Question Abnormal access point behavior

Sep 3, 2020
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Hi!

I've recently noticed stability and throughput issues on otherwise reliable wi-fi network and managed to track them down to the 2.4GHz signal from an access point. Problem is, this is likely not the usual "2.4GHz is just bad" issue. On one access point I can get 150~200mbps within line of sight, while on the other I'm barely getting 40mbps on a good day, under the same conditions.

My network consists of the ISP fiber box, a MitraStar GPT-2541GNAC (FCC ID ANATEL 03307-15-08916) and a D-Link DIR-850L (FCC ID KA2IR850LA1). The fiber box is actually a pretty capable device compared to most consumer-level stuff, so I use it as the network's router, with the DIR-850L set up as an access point. Both devices are 802.11b/g/n rated for 300mbps on the 2.4GHz frequency. I know that getting anywhere near 300mbps on a 2.4GHz network is unrealistic, but the same access point that seemingly can't go over 40mbps used to deliver ~150mbps.

My first thought was the usual suspicion that 2.4GHz signals get a lot of interference, so I tested with both access points next to each other and still one would deliver 150~200mbps while the other would barely reach 40mbps. I tried switching channels but it made no difference. Choosing between 20MHz and 40MHz channel bandwidth also didn't change anything.

The next suspicion was that there could be a problem with the (wired) connection between access point and router, but the 5GHz signal from the access point works normally, and I'm getting full gigabit rates between local devices through the lan ports.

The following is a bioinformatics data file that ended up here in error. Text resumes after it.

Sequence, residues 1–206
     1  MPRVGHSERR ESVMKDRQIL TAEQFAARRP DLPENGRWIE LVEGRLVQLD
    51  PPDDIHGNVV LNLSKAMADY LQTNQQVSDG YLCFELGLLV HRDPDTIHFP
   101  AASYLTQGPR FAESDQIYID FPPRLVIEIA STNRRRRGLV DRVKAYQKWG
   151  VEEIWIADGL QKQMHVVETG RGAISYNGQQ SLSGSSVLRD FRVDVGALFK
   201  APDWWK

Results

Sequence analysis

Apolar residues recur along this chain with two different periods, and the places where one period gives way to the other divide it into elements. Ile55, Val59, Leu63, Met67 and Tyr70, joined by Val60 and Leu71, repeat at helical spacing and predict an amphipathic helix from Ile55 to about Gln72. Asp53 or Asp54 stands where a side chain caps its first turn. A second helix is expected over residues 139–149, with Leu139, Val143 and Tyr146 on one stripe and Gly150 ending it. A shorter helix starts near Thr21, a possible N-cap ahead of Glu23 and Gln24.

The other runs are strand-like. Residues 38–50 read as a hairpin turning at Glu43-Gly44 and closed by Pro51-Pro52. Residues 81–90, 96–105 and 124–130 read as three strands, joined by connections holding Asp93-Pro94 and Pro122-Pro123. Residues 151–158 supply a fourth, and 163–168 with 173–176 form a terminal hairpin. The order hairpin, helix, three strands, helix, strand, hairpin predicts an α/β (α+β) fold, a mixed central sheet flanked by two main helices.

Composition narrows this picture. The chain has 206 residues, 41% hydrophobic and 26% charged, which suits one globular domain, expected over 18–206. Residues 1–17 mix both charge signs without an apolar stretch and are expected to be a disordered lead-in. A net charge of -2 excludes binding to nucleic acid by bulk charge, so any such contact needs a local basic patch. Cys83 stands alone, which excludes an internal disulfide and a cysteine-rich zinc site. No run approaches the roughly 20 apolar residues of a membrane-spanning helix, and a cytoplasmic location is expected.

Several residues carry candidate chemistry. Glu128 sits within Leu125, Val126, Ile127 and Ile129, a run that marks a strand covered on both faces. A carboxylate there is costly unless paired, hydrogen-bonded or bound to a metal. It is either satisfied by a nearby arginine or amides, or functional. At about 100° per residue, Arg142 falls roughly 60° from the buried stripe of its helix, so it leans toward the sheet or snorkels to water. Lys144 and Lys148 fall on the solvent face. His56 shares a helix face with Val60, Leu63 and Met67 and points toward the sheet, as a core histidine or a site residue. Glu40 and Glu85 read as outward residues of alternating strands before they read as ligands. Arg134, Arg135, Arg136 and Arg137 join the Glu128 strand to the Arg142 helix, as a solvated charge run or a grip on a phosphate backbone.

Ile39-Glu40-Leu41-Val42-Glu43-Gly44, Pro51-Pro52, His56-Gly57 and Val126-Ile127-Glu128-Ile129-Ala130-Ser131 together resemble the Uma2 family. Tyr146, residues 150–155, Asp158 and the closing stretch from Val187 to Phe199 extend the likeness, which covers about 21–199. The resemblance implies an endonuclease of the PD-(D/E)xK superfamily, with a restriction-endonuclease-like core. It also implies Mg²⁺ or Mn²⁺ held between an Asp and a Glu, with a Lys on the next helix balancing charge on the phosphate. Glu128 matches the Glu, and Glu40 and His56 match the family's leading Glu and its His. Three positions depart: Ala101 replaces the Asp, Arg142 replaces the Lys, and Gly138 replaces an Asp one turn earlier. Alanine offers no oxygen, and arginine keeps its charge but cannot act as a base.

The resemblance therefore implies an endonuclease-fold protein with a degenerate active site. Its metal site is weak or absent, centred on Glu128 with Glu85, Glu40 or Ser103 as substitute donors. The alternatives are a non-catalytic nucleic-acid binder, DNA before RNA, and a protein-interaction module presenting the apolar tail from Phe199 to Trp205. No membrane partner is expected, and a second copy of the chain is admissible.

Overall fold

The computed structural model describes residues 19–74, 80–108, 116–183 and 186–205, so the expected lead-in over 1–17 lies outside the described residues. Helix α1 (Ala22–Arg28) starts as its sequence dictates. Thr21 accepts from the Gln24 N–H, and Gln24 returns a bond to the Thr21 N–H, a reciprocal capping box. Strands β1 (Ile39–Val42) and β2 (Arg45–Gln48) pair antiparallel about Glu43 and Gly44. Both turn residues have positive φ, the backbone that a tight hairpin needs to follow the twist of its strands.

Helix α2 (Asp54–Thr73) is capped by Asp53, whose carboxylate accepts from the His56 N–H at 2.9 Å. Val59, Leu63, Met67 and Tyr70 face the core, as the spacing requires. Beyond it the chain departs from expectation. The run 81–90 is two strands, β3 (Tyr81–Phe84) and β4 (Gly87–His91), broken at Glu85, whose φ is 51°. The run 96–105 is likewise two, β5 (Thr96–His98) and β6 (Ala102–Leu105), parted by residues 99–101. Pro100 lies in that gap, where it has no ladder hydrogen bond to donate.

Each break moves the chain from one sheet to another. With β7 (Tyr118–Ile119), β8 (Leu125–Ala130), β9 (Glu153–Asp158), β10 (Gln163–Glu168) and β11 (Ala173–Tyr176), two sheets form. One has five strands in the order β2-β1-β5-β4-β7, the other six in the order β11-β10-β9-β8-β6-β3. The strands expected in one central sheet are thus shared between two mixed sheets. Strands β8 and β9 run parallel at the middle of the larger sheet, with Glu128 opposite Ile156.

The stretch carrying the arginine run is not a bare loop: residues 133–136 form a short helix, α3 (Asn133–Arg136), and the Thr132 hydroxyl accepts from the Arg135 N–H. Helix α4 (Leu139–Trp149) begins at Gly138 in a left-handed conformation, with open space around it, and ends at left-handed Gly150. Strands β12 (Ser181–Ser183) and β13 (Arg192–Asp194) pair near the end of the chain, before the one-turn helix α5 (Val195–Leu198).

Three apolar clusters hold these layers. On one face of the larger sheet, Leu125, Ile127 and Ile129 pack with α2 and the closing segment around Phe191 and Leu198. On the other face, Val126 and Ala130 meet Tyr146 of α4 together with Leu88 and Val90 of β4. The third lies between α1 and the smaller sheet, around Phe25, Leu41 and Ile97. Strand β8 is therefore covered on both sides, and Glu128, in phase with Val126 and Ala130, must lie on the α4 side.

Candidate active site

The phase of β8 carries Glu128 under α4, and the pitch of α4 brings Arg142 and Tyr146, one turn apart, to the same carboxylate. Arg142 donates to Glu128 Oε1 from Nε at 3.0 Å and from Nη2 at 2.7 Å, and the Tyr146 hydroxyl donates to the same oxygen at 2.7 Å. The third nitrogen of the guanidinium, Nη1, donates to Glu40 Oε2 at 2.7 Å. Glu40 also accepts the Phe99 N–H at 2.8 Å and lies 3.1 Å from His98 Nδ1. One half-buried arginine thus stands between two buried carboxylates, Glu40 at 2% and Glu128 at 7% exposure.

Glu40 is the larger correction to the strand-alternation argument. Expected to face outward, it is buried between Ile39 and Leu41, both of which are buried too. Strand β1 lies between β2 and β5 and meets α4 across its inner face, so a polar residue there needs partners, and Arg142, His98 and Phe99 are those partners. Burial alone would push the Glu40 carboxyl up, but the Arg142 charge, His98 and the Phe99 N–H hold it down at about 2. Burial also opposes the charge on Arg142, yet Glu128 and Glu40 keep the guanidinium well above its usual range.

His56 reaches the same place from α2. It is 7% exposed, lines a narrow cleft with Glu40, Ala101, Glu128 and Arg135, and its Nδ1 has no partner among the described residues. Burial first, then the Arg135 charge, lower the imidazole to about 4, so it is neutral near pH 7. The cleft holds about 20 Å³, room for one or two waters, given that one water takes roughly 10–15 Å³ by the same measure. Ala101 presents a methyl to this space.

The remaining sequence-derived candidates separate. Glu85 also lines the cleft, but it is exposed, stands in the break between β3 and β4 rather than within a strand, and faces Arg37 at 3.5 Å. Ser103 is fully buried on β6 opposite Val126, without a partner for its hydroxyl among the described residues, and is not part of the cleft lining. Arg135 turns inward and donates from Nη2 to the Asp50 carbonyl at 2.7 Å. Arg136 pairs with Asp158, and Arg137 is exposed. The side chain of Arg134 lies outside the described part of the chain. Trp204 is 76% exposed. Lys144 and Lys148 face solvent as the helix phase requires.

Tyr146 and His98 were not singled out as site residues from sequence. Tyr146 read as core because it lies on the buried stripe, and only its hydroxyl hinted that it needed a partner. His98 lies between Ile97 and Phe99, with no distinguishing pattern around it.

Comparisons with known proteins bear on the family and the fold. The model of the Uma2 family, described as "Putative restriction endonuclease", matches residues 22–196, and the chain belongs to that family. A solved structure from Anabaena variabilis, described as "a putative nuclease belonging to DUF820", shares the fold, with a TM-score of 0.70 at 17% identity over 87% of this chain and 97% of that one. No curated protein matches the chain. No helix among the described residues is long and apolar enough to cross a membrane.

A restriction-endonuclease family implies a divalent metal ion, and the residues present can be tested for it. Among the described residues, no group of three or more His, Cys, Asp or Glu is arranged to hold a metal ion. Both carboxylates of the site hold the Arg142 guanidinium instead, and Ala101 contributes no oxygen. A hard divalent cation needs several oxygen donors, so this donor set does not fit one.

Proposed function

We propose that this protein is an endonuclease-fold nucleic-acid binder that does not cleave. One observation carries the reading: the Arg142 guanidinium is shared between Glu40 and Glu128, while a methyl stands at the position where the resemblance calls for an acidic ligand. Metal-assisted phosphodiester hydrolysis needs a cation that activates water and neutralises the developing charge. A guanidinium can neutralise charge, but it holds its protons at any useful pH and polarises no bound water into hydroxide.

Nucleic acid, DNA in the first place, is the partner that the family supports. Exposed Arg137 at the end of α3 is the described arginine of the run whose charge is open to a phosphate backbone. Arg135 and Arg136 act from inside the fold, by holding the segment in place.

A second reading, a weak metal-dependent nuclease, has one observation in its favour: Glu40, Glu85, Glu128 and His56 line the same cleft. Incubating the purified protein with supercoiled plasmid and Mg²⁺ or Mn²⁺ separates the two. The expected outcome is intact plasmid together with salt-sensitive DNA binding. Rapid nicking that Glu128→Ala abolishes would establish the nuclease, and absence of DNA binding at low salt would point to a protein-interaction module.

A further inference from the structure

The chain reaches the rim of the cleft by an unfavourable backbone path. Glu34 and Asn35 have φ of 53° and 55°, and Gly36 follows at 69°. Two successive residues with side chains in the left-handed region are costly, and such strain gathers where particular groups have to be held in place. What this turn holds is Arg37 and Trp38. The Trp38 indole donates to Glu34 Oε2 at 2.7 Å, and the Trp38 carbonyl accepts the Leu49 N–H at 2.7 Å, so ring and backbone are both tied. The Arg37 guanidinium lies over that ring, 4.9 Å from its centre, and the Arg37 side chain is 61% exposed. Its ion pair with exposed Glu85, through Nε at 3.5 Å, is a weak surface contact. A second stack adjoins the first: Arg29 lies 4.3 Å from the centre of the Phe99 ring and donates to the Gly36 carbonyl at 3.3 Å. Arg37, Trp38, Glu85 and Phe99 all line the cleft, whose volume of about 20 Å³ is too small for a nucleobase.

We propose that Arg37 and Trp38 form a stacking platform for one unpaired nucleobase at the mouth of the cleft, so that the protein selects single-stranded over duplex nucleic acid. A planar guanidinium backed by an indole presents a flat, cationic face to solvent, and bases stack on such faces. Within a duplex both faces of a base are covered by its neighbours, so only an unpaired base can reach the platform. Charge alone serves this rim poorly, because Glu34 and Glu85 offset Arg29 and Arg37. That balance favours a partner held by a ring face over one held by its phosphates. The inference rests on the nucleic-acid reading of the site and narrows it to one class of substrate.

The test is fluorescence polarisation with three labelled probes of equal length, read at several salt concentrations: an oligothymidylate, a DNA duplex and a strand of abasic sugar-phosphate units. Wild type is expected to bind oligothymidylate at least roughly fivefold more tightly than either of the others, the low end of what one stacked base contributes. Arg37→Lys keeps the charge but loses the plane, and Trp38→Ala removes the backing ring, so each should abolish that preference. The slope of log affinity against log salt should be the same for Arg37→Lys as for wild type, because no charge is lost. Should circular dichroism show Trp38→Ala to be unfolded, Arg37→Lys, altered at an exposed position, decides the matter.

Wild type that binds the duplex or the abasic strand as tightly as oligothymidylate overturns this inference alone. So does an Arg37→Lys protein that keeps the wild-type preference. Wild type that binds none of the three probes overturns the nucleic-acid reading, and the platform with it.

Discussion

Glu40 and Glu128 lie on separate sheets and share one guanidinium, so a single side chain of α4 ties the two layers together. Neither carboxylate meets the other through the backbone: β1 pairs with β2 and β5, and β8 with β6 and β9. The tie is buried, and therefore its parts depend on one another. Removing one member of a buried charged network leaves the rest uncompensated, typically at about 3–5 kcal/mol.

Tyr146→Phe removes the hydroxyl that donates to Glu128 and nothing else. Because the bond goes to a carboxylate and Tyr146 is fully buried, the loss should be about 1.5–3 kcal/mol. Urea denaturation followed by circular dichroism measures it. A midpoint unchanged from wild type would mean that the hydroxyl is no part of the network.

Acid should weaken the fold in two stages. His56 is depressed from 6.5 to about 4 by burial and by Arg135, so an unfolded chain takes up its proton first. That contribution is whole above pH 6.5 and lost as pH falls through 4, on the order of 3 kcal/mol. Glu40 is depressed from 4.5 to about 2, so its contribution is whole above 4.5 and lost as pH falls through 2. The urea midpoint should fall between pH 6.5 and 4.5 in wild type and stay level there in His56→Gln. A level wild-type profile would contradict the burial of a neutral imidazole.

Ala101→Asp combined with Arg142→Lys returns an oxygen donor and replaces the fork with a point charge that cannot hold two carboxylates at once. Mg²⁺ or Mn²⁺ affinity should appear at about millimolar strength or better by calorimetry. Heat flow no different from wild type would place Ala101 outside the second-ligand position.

Then I tried some older devices I had lying around, and all of them had the same problem. I can get "normal" link speeds on the 2.4GHz band through the router itself, but any other device serving as an access point gets stuck at 30~40mbps. Again, 5GHz and wired through these access points work as expected. One of the devices I tried was a 802.11n repeater and the same problem occurs when repeating the router's 2.4GHz signal: 150~200mbps when connected directly to the router's 2.4GHz, but only 30~40mbps when connected to any other 2.4GHz station on the network.

Some other likely unrelated things that I tested were switching QoS on or off and forcing 802.11n instead of combined g/n. Neither made a difference, so I'm kind of out of options. I'm afraid to buy a new router or access point and end up with the same problem, and I'm also forced to have a working 2.4GHz signal due to the walls of my apartment, which are either reinforced concrete when they serve a structural purpose, or brick and mortar when they don't, so 5GHz can't even get to the next room. Any ideas would be greatly appreciated.

Sorry for the long wall of text and thanks in advance for your help!
 
Sep 3, 2020
2
0
10
0
UPDATE

After some more testing I was able to identify the problem. Even though I had disabled the 5GHz network on it, the ISP fiber box was still transmitting a 5GHz signal alongside the 2.4GHz one with the same SSID, and any 5GHz-capable devices were connecting to it and getting the full 5GHz speeds even though it was supposed to be a 2.4-only signal.
 

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